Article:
Paracetamol or Acetaminophen belongs to a group of medicines known as non-opiate, analgesic and antipyretic, or painkillers. It is used to relieve mild-to-moderate pain. It is also useful for lowering a raised temperature (fever).
Acetaminophen is used to treat many conditions such as headache, muscle aches, arthritis, backache, toothaches, colds, and fevers.

● For the treatment of mild to moderate pain including headache, migraine, neuralgia, toothache, sore throat and dysmenorrhea.
● For the symptomatic relief of rheumatic and muscular aches and pains sciatica, fibrositis, lumbago, joint swelling and stiffness.
● For symptomatic relief of influenza, feverish colds and feverishness.

Mechanism of Action:
Paracetamol is an effective analgesic and antipyretic agent but has only weak anti-inflammatory properties. It has been suggested that it may act predominantly by inhibiting prostaglandin synthesis in the CNS and to a lesser extent through a peripheral action by blocking pain-impulse generation. The peripheral action may also be due to inhibition of prostaglandin synthesis or to inhibition of the synthesis or actions of other substances that sensitize pain receptors to mechanical or chemical stimulation.
Paracetamol probably produces an antipyretic action by a central effect on the hypothalamic heat-regulating centre to produce peripheral vasodilation resulting in increased blood flow through the skin, sweating and heat loss. The central action probably involves inhibition of prostaglandin synthesis in the hypothalamus. The drug has no effect on the cardiovascular and respiratory systems, and unlike salicylates it does not cause gastric irritation or bleeding.

Absorption: Paracetamol is readily absorbed from the gastro-intestinal tract with peak plasma concentrations occurring about 30 minutes to 2 hours after ingestion.
Distribution: Present in most body tissues; crosses the placenta and enters the breast milk. Plasma-protein binding is negligible at usual therapeutic concentrations but increases with increasing concentrations.
Metabolism: Hepatic via glucuronic and sulphuric acid conjugation. At normal therapeutic levels, glucuronide metabolites are metabolised to reactive intermediate (acetylimidoquinone) which is conjugated with glutathione and inactivated; at toxic doses, glutathione conjugation is insufficient leading to increased acetylimidoquinone which may cause hepatic cell necrosis.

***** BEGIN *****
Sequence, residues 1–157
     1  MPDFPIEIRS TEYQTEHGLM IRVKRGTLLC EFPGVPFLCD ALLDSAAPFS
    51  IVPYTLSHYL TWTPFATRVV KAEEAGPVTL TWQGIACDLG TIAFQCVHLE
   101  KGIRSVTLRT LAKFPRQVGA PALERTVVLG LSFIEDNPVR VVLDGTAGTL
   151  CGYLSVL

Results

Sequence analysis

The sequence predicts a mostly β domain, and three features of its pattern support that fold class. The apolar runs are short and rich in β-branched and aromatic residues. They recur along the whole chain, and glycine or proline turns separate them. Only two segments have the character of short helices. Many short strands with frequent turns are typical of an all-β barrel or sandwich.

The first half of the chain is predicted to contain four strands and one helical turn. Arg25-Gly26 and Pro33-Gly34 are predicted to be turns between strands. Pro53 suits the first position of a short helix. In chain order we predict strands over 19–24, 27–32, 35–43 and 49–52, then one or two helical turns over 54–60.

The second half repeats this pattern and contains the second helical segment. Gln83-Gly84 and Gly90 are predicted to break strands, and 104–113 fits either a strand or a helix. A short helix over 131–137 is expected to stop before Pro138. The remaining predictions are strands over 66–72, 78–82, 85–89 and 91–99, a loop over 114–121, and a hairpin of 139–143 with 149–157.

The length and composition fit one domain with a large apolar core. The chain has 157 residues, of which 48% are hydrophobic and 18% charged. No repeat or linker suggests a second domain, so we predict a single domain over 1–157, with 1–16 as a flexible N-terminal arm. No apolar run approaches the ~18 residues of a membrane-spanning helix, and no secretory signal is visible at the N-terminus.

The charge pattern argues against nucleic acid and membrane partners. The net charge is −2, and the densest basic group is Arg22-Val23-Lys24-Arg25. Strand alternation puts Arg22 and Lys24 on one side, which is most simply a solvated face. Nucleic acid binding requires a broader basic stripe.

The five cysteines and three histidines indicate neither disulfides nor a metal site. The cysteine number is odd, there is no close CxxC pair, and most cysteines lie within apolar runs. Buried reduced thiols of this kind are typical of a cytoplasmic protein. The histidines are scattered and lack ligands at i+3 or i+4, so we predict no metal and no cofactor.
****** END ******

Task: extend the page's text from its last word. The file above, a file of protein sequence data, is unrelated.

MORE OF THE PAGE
Excretion: It is metabolized in the liver and excreted in the urine mainly as the glucuronide and sulphate conjugates. Less than 5% is excreted as unchanged paracetamol. The elimination half-life varies from about 1 to 4 hours.

Adverse Effects:
● Nausea
● Allergic reactions
● Skin rashes

Hypersensitivity to paracetamol or any of the constituents.

● Care is advised in the administration of paracetamol to patients with severe renal or severe hepatic impairment. The hazards of overdose are greater in those with non-cirrhotic alcoholic liver disease.
● Do not exceed the stated dose.
● Do not take with any other paracetamol-containing products.
● If symptoms persist for more than 3 days or get worse consult your doctor.
● Immediate medical advice should be sought in the event of an overdose, even if you feel well.

Drug Interactions:
Cholestyramine: The speed of absorption of paracetamol is reduced by cholestyramine. Therefore, the cholestyramine should not be taken within one hour if maximal analgesia is required.
Metoclopramide and Domperidone: The absorption of paracetamol is increased by metoclopramide and domperidone. However, concurrent use need not be avoided.
Warfarin: The anticoagulant effect of warfarin and other coumarins may be enhanced by prolonged regular use of paracetamol with increased risk of bleeding; occasional doses have no significant effect.
Chloramphenicol: Increased plasma concentration of chloramphenicol.

Pregnancy and Lactation:
Pregnancy: Epidemiological studies in human pregnancy have shown no ill effects due to paracetamol used in the recommended dosage, but patients should follow the advice of the doctor regarding its use.
Lactation: Paracetamol is excreted in breast milk but not in a clinically significant amount. Available published data do not contraindicate breast feeding.

Store it at room temperature (25°C).